The cult of the cocktail is a successful religious ceremony transformed into a secular rite. The bartender is the high priest, the drink is the sacramental cup, and the cocktail lounge is akin to a temple or cathedral that uses lights, music, and even ceiling fixtures to reinforce moods of comfort and inspiration. From Joseph Lanza's book The Cocktail: The Influence of Spirits on the American Psyche. New York: St. Martin's Press, 1995
The cocktail is king once again. We are experiencing a rebirth in the world of cocktails and spirits, and let me tell you folks, it's a beautiful thing!
In the early part of this century, H.L. Mencken wrote that the cocktail qualifies as "the greatest of all contributions of the American way of life to the salvation of humanity". While the hyperbole in Mencken's claim is debatable, the fact that the cocktail has had an indelible influence on the American (if not the world's) collective psyche is undeniable. When Jimmy Carter denounced the three-martini lunch, the press and the American public could instantly plumb the layers of meaning embedded in his description. Likewise, when Ella Fitzgerald plaintively sang "One More for the Road," everyone listening knew that she was not merely thirsty. And when Ian Fleming had James Bond order a vodka martini "shaken, not stirred," he was cultivating Bond's image as a suave sophisticate marked with just a tinge of danger and radicality. Thus the cocktail is never merely a drink. The cocktail is one of those elegant symbols where the very sight of it means something, and the more you think about it, the more aspects you discover that relate to everything . . . the balance and quality of ingredients, the proper measurements, the artistry of the mixologist, the pursuit of that "perfect mixture". It's like the Kabbalah or something. Packed with potentialities of meaning, the cocktail can simultaneously represent the excesses of the exploitative upper classes (Carter), a modicum of comfort for the lovelorn (Fitzgerald), and the flair and sophistication of the jet-set (Bond). It need not even contain alcohol; a Shirley Temple or a Roy Rogers can convey a whole individual series of meanings. It is this surfeit of decipherable meaning which attests to the cocktail's symbolic power.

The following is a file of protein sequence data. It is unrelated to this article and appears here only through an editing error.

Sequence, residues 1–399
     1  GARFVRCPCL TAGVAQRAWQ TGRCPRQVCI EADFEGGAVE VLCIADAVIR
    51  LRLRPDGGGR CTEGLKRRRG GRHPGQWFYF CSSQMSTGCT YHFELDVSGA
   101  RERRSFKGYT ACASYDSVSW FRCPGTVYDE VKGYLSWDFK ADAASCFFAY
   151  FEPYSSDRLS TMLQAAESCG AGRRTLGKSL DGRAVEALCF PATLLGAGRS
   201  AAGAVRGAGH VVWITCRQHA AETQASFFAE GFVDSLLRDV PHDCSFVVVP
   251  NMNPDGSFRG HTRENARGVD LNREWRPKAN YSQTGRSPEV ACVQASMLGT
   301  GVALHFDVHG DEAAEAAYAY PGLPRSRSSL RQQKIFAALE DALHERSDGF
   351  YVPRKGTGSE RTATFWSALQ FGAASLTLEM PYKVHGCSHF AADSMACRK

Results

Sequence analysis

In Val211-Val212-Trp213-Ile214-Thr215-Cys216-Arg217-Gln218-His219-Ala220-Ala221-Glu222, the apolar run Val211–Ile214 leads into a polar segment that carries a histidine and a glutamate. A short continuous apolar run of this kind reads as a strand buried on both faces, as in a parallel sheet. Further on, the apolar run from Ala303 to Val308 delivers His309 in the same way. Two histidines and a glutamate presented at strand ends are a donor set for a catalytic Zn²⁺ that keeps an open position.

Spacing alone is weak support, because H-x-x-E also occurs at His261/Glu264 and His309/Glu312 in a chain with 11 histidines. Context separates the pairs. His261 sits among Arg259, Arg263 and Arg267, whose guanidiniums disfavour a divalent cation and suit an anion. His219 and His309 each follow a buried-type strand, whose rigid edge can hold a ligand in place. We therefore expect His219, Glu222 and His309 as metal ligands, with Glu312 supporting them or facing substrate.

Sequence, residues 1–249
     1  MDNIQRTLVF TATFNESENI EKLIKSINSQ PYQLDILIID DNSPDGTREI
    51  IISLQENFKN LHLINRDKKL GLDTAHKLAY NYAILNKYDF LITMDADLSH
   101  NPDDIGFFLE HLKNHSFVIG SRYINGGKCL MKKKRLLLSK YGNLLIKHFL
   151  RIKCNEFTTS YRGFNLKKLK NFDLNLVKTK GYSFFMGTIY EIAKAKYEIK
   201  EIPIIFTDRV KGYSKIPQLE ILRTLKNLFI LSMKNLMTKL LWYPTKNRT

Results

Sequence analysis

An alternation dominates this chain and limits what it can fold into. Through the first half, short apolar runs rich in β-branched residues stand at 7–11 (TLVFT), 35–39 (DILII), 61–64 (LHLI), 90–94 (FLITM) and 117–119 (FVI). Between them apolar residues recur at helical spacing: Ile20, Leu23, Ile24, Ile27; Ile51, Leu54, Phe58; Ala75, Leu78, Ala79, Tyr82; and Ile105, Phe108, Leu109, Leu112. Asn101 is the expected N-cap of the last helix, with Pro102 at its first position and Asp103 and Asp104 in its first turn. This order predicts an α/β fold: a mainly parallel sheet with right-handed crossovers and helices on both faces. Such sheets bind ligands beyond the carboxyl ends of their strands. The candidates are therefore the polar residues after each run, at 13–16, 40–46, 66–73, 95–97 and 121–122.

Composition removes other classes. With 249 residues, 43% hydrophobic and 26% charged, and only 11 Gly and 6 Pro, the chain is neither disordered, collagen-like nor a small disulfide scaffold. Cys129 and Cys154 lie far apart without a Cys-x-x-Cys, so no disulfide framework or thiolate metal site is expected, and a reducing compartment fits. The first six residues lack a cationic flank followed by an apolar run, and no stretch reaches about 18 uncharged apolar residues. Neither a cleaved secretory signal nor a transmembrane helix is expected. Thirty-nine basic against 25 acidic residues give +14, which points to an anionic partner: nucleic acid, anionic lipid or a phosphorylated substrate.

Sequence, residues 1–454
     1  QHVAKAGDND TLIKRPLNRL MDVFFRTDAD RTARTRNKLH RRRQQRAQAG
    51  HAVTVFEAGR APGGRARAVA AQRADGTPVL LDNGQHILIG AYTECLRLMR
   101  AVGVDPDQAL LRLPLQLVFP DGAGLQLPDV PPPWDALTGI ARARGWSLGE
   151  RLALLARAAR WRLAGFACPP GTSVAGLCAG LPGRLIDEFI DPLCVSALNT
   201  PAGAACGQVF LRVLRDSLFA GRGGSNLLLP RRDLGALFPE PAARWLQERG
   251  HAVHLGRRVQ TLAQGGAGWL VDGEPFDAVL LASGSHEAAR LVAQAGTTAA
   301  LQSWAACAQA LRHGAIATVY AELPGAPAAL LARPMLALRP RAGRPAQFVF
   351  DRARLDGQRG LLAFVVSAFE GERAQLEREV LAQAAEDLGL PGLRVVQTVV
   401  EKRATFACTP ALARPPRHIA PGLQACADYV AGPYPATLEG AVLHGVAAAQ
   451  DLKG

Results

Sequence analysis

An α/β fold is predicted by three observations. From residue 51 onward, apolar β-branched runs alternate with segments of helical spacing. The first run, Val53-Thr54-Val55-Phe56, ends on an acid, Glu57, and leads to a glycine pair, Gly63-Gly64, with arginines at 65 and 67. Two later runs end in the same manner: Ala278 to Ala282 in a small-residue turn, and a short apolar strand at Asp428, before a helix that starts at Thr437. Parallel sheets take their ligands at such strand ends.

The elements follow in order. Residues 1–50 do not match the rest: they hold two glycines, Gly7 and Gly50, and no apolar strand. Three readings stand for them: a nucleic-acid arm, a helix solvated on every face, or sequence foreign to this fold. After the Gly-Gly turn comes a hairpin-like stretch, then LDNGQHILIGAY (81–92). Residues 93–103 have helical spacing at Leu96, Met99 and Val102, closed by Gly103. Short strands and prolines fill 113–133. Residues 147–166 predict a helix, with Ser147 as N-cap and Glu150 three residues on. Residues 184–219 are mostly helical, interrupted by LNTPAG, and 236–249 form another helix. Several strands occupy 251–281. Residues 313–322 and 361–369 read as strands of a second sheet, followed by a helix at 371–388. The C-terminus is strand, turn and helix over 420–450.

It is time my friends. It is time...